What percentage of deaths in Australia are due to cancer?
Abnormal mass of tissue due to excessive and unregulated cell proliferation
What is the most common cancer in Australian men?
What is the most common cancer in Australian women?
What is the most common cancer in the world?
Completely undifferentiated cells
When atypical cells go beyond the basement membrane, what are they called?
Abnormal protuberance into a lumen
How is a cancer graded?
Based on the degree of differentiation of the cells
What is desmoplasia?
Tumour cells elease cytokines eg TGF beta → cause fibroblasts to differentiate and synthesise more stroma
What are the 3 routes by which cancer may spread?
Lymphatic Haematogenous Transcoelomic
What are the main organs where metastases appear?
Liver, brain, bone and lung
Name 7 features that neoplastic cells may display
Architectural disorganisation Larger nuclei Pleomorphic nuclei Coarser nuclear chromatin Hyperchromatic nuclei Larger more prominent nucleoli Abnormal mitotic figures
varying shapes and sizes
What is the prefix for glandular neoplasia?
What is the prefix for smooth muscle neoplasia?
What is the prefix for osteobastic neoplasia?
The prefix adeno- indicates neoplasia of what cell lineage?
The prefix leioymo- indicates neoplasia of what cell lineage?
The prefix osteo- indicates neoplasia of what cell lineage?
In general, the suffix -oma indicates what about neoplasia?
In general, the suffix -carcinoma indicates what about neoplasia?
In general, the suffix -sarcoma indicates what about neoplasia?
What suffix is given for benign neoplasia
What suffix is given for malignant epithelial neoplasia?
What suffix is given for malignant mesenchymal neoplasia?
What are the 4 classes of genes that are the principal focus of mutations in carcinogenesis?
1 Protooncogenes 2 Tumour supressor genes 3 Apoptotic regulatory genes 4 DNA repair genes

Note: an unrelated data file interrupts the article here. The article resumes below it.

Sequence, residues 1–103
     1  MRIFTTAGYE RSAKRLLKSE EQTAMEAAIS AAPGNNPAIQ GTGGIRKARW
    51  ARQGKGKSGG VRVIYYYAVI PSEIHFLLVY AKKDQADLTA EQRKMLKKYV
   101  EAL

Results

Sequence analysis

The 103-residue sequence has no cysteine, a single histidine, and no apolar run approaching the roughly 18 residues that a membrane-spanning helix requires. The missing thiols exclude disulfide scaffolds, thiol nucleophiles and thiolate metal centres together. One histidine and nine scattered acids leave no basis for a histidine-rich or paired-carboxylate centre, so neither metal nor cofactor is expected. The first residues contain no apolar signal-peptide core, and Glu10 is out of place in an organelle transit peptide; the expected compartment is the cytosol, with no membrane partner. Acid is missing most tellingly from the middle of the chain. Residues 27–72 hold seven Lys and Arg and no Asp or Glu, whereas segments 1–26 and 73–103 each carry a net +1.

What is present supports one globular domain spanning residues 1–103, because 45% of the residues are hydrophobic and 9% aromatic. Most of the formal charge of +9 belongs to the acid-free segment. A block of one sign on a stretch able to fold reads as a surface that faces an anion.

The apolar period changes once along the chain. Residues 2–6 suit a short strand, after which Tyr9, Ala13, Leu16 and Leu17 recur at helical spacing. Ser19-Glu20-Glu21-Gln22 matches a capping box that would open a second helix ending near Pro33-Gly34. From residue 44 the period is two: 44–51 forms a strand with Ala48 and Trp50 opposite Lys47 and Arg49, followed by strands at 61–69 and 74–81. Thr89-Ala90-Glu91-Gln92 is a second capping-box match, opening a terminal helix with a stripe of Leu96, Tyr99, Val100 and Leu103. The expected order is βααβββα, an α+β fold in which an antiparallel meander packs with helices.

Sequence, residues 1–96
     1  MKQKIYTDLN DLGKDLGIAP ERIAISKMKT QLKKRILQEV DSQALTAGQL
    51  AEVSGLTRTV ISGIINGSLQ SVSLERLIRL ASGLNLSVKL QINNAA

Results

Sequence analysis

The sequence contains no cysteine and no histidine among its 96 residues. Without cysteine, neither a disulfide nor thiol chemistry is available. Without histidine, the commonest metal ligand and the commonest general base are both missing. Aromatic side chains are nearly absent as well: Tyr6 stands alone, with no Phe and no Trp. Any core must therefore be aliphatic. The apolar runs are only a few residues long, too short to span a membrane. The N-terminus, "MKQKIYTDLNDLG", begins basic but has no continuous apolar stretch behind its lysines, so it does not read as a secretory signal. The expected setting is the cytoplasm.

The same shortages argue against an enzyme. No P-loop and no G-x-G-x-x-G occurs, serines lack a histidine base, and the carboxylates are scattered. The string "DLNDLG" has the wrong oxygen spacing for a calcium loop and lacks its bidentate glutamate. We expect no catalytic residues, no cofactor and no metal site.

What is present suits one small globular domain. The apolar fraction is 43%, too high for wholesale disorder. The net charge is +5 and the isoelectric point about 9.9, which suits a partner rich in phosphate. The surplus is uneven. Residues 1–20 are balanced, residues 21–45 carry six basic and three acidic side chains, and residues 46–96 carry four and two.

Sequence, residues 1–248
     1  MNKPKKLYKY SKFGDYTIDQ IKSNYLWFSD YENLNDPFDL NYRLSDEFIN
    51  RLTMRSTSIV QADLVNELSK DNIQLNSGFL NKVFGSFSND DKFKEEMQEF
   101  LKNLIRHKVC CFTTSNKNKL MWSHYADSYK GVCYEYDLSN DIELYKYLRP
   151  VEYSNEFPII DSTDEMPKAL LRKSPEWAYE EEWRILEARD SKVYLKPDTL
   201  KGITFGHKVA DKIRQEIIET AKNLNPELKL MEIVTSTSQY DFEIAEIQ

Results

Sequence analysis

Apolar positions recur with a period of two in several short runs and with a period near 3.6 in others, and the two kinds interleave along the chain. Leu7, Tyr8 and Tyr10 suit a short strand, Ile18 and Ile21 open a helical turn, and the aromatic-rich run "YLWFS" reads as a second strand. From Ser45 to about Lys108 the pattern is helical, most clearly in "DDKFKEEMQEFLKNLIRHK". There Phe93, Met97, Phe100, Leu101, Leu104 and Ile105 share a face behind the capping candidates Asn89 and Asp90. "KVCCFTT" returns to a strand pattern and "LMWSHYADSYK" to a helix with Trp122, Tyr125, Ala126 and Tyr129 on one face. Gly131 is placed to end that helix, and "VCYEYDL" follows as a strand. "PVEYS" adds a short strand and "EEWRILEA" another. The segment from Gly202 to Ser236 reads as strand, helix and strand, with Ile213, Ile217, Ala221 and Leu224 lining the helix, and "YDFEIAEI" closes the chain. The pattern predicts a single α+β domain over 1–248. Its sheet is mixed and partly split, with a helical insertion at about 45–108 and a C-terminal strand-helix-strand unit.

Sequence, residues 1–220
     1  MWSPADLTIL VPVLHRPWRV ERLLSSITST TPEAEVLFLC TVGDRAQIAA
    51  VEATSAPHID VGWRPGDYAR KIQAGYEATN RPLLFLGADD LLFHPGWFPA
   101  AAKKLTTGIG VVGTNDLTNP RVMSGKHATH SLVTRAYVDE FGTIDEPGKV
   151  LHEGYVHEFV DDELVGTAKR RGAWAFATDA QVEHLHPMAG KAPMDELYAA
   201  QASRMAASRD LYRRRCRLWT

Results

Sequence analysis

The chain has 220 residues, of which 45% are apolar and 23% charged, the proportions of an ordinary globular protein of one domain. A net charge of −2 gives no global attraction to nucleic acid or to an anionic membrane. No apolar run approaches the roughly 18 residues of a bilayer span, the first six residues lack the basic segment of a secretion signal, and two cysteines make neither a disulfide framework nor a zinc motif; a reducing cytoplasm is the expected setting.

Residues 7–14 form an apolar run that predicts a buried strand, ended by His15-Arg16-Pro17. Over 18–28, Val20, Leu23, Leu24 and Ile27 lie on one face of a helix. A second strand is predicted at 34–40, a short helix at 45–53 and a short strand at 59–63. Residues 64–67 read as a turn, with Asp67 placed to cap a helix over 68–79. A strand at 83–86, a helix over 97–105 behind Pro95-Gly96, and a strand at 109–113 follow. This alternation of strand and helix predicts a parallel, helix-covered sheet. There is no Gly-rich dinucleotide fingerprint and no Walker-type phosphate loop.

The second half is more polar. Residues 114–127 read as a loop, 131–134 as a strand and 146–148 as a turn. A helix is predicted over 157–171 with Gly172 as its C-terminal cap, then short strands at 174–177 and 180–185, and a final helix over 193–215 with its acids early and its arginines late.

What is a genetic mutation?
A mutation is any change in DNA that is rare in the normal population
What is a polymorphism?
A naturally occurring variation of a gene that is relatively common in the population
Once a colon or lung tumour is clinically detectable, how long will it take to double in size?
What is loss of heterozygosity?
The loss of normal function of one allele of a gene in which the other allele was already affected
What is the most common fatal cancer in Australian men?
What is the most common fatal cancer in Australian women?
What is the most common form of lung cancer?
What are they 4 main forms of lung cancer?
Squamous cell carcinoma, adenocarcinoma, small cell carcinoma, large cell carcinoma
What does cancer 'stage' refer to?
Size Invasiveness Nodal spread Spread (Metastases)
What does the TNM system measure?
Staging of cancer T = extent of primary tumour N = regional lymph node metastases M = metastases
What does stage IV lung cancer imply?
What term is interchangeable with 'intraepithelial neoplasia"
Carcinoma in situ
How many mutations of a tumour supressor gene are required for cancer?
How is a neoplasia descibed once it breaches the basement membrane?
An invasive neoplasia has by definition breached what?
Sarcoma indicates what?
Malignancy of connective tissue/stroma/mesenchyme
'Carcinoma' indicates what?
Cancer of epithelium